Disability tax credit benefits Canadians with diabetes

Some Canadians who use insulin to manage their diabetes may be eligible for a federal tax credit worth up to $1,055 when they file their 2005 tax returns next year, the Canadian Diabetes Association announced recently.

Since May 2004, Canadians using an insulin pump have been eligible for a tax credit. Announced as part of the recent federal budget, the criteria for the Disability Tax Credit will be expanded for 2005 to include Canadians with diabetes who inject their insulin, in addition to those who use an insulin pump.

The Association expects these amendments to allow those Canadians living with diabetes, particularly children, who spend at least 14-hours per week testing their blood glucose levels and taking multiple daily insulin injections or programming an insulin pump to be eligible for the disability tax credit. Children are most likely to qualify since the time spent by their parents administering the child’s insulin and testing blood glucose levels will be counted towards the 14-hour requirement.

People with diabetes can face annual medical costs ranging up to $5,000 a year to manage their disease, so this federal assistance to ease some of the financial burden of diabetes is a most welcome first step,” said Karen Philp, Director, Public Policy and Government Relations, Canadian Diabetes Association.

In May 2004 the Canada Revenue Agency (CRA) confirmed to the Association that under current legislation, Canadians whose type 1 diabetes cannot be controlled with multiple daily injections of insulin, and for whom insulin pumps are a medical necessity, were eligible for the disability tax credit. However, as the CRA only considered the time actually spent administering the insulin to be included in the 14-hour requirement for ‘life-sustaining therapy,’ individuals who used a syringe to deliver their insulin (and not a pump) did not generally qualify.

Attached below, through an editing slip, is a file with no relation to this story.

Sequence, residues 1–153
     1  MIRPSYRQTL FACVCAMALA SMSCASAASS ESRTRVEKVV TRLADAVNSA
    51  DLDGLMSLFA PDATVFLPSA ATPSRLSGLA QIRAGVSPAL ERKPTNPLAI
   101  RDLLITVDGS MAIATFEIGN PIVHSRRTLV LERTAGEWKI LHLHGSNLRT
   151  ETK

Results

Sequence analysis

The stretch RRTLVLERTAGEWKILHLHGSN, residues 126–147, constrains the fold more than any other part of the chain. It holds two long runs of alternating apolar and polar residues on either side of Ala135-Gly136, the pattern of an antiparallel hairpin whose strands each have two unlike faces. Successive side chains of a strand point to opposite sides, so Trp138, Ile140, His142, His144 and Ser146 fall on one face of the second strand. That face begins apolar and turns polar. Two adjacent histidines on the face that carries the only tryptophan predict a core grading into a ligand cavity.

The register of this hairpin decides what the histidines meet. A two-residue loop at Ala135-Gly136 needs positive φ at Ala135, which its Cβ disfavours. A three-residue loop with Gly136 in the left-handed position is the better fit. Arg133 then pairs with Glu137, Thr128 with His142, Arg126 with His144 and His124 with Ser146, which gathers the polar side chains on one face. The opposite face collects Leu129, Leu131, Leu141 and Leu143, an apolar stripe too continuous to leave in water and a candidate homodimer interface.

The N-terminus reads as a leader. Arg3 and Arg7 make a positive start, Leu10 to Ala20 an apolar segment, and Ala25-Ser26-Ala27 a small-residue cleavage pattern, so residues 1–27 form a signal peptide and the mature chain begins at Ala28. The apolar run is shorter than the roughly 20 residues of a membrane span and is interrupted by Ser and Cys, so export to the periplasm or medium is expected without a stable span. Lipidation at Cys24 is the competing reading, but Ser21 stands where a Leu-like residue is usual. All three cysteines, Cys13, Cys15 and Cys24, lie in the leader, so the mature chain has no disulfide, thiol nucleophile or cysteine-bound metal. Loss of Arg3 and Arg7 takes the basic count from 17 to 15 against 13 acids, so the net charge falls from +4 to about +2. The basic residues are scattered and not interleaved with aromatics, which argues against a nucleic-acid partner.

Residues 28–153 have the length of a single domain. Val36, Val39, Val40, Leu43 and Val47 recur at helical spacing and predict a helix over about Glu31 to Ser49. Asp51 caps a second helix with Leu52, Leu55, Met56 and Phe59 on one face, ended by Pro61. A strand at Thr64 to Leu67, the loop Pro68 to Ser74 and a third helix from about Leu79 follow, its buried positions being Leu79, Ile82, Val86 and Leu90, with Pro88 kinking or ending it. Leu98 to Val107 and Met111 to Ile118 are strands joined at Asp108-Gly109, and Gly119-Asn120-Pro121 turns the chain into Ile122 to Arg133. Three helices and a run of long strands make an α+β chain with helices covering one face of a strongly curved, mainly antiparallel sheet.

The Canadian Diabetes Association argued strongly that it is the insulin that is the life-sustaining therapy, and encouraged the inclusion of medically-necessary activities such as blood glucose testing and injection preparation as part of the 14-hour requirement.

“People who are insulin-dependent are just that – they require insulin to live,” said Philp. “For Canadians with diabetes, this disease requires monitoring and adjustments of insulin requirements on a 24-hour basis, whether they use an insulin pump or a syringe. We welcome this extension of eligibility criteria to include insulin injection by syringe as well as by pump.”

The Canadian Diabetes Association has offered to work with the CRA to develop guidelines to assist individuals with diabetes and their doctors to determine whether they would be eligible for the disability tax credit under the proposed changes. The Canadian Diabetes Association also will continue to encourage greater federal and provincial government assistance to help ease the financial burden of Canadians living with type 1 or type 2 diabetes.

Tax relief for Canadians with diabetes

Canadians with diabetes who are eligible for the 2005 disability tax credit could see a federal tax credit of up to $1,055, as well as tax relief at the provincial level. 4 Parents of children who are eligible for the disability tax credit may also claim the disability tax credit supplement for children, which provides additional tax relief of up to $616. They may also receive assistance from the Child Disability Benefit, which is paid as a supplement of the Canada Child Tax Benefit to low- and modest-income families caring for a child with a disability. The recent federal budget increased the maximum Child Disability Benefit to $2,000 beginning in July 2005.

Canadians with type 1 or type 2 diabetes may also be eligible for tax relief for their above-average medical costs by claiming the federal government’s medical expense tax credit. This credit recognizes the cost of insulin, needles or syringes, insulin pumps, and blood glucose testing devices.

People with type 1 diabetes produce little or no insulin and require daily insulin injections to stay alive. It is estimated that up to 40% of people with type 2 diabetes (usually managed with lifestyle modifications and medication) may eventually need to move to daily insulin injections.

The Canadian Diabetes Association works to prevent diabetes and improve the quality of life for those affected, through research, education, service and advocacy. With a presence in more than 150 communities, the Canadian Diabetes Association’s strong network of assistance includes volunteers, employees, healthcare professionals and partners. The Canadian Diabetes Association – Know who to turn to.

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